Friday, May 25, 2018

Cynsational News

By Cynthia Leitich SmithRobin GalbraithGayleen Rabukukk & Kate Pentecost for Cynsations

Author/Illustrator Insights

Mark Does YA: The Prolific Critic and Creator Talks About “Anger Is a Gift” by Shelley Diaz from School Library Journal. Peek:
“A lot of this book is wish fulfillment on my part. What if my parents had been accepting of my sexuality? So, despite that this is a contemporary novel, a lot of imagination went into the construction of these character arcs.”
Interview with Deborah Heiligman from the Cybils. Peek:
“When I begin my research for a book, I start with primary sources. I read letters, diary entries, autobiographies, etc. and hold off reading any secondary sources as long as possible.”
Real-Life Drama: Kate Messner on Her New Novel, Breakout by Kiera Parrott and Lisa Goldstein from School Library Journal. Peek:
“In the case of Breakout...I’m fascinated by the idea that two people can be in the same room, see the same event transpire, hear the same conversation, and come away from it with completely different interpretations of what’s just happened."
Rob Sanders Talks with Roger by Roger Sutton from The Horn Book. Peek:
“I wanted to tell this story not so much from a biography standpoint — there are several children’s biographies about Harvey Milk — but none about the flag itself. It was a unique opportunity for me to talk about symbols.” 
Meet Kate Pentecost, The Genderqueer Writer Changing the Young Adult Fiction Game by Kirk Loftin from Spectrum South. Note: Kate is a Cynsations Intern. Peek:
 “‘If there were more books with LGBTQ characters when I was young, it would have been so empowering,’ Pentecost adds on the need for more queer representation in young adult fiction. ‘I was really, really starved for characters who were like me.’”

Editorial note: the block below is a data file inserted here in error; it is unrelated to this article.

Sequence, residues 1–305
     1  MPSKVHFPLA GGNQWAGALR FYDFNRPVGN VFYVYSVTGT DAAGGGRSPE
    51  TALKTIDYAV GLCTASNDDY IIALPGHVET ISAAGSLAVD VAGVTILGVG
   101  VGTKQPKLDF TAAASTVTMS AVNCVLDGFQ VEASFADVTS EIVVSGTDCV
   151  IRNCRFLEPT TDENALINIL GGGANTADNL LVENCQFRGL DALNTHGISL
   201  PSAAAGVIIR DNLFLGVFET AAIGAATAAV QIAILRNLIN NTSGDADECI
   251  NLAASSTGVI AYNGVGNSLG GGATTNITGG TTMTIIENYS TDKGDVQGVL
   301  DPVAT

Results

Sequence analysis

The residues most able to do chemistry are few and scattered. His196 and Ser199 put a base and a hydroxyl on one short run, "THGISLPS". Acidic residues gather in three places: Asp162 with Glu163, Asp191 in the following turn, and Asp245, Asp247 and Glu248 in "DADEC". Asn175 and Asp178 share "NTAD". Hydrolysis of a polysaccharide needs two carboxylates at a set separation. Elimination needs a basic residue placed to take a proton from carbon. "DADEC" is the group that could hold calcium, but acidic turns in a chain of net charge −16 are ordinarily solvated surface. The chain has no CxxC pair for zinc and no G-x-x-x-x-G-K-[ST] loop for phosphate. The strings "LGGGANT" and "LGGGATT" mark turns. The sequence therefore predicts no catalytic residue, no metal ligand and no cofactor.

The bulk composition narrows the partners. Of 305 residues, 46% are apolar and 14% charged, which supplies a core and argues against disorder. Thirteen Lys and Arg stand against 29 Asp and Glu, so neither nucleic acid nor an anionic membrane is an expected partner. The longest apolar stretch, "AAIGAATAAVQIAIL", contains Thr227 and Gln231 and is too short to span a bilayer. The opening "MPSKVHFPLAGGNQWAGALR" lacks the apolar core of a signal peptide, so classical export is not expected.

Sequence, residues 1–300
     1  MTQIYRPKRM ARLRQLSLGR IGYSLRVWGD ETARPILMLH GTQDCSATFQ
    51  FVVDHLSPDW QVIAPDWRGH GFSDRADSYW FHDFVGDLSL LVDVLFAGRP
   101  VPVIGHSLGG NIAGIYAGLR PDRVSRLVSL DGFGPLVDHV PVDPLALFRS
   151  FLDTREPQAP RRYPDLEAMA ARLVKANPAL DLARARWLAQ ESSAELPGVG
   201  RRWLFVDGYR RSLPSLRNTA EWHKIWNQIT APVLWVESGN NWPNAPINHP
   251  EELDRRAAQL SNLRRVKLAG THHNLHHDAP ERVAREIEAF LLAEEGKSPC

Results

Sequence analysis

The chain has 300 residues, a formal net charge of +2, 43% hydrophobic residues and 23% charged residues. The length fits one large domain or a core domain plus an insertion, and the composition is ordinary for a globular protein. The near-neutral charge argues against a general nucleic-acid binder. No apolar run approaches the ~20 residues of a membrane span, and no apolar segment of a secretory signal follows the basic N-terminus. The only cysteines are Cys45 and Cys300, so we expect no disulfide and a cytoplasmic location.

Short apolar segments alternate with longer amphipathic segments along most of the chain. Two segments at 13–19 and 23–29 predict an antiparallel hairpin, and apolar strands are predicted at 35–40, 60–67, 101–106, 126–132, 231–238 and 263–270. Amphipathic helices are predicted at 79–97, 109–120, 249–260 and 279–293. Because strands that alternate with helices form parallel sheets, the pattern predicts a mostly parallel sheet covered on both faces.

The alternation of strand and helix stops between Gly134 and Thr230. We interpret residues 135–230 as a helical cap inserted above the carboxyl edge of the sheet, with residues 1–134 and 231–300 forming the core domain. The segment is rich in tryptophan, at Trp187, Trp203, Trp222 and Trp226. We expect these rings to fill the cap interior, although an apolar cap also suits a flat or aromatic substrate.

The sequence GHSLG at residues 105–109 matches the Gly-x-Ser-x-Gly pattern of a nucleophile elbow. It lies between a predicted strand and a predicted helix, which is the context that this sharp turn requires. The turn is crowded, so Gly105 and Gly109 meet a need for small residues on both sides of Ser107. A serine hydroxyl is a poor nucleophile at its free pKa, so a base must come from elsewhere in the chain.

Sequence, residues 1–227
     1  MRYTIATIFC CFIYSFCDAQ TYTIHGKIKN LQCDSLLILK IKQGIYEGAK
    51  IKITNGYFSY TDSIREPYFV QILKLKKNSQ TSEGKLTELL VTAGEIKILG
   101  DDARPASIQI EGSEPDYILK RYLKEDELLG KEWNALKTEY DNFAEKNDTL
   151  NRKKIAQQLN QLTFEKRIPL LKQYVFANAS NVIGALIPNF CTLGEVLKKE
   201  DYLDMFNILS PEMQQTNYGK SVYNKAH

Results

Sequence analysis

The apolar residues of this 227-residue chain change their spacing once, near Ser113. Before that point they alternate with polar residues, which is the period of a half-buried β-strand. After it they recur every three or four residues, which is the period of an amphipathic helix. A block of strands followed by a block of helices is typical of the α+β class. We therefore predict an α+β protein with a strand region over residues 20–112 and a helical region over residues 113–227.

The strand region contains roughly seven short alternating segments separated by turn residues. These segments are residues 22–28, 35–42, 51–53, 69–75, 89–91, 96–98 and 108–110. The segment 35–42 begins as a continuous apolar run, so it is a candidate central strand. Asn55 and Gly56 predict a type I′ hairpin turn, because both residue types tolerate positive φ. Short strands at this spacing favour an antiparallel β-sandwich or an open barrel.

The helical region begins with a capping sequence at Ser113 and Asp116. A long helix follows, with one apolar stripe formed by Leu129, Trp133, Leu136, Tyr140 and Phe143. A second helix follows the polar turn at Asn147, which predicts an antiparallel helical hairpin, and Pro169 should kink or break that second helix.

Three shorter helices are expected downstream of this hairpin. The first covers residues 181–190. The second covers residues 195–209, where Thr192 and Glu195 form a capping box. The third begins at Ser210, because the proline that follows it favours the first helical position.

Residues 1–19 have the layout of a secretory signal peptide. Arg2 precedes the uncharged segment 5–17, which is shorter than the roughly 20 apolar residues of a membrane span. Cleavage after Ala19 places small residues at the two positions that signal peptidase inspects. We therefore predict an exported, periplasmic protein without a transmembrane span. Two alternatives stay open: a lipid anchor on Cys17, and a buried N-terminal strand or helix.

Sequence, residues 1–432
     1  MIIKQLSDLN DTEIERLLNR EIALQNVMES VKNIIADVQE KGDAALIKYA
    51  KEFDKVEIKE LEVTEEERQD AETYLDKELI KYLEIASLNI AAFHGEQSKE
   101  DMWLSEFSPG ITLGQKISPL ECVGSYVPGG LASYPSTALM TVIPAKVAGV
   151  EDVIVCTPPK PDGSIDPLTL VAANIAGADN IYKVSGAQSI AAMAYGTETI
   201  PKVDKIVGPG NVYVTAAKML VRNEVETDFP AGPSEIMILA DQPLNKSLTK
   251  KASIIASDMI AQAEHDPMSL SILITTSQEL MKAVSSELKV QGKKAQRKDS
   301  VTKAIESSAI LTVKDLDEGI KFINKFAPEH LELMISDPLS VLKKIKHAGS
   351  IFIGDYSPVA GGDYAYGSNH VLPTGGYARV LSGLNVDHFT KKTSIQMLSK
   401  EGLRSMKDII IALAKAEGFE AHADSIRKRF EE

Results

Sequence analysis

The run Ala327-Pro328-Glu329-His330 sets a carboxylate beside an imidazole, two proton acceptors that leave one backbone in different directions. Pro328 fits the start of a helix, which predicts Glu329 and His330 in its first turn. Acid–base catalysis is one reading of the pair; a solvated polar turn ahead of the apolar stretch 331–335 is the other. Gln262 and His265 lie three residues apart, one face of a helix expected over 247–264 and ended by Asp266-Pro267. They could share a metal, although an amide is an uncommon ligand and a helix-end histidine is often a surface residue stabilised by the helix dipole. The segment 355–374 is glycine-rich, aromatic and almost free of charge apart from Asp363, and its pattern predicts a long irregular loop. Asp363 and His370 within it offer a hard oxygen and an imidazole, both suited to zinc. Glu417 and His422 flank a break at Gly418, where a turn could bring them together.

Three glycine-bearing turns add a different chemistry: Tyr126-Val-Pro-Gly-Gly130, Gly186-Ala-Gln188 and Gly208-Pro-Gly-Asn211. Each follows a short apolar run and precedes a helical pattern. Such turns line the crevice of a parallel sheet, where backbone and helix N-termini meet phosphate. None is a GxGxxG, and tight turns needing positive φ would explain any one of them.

Member Interview: Jason Gallaher from SCBWI. Peek:
“In both my picture book and middle grade work I write about whimsical or fantasy worlds. So I guess my everyday life feeds my work by me fantasizing about how much better life would be with magic, or with fashion-forward pandas, or with Easter bunnies turned dinosaurs.”
Hannah Moderow on Writing Lily’s Mountain from Uma Krishnaswami. Peek:
"Lily’s Mountain was rejected by 47 editors. 47! There’s no magic in that. But I pressed on, buoyed by the wisdom of VCFA, and the friendships and mentorships that I received there."
On Wildness, Cracked Worlds, Monsters, and the Odd Nature of the Short Story from Kelly Barnhill. Peek:
“A short story... is an encounter. We cannot look it in the eye. We have to see with our skin and hear with our bones. A short story is a crack in the world; it is tooth and claw; it is the choice between attack and retreat. Nothing is wasted.”
Writing Craft

Writing Tension Instead of Teasing by Mary Kole from Kid Lit. Peek:
“There is a big distinction between writing tension and merely teasing the reader along. Unfortunately, a tease is not enough and doesn’t respect your audience.”
Three Dialogue Don’ts (and Their Fixes) by Dean Gloster from Through the Tollbooth. Peek: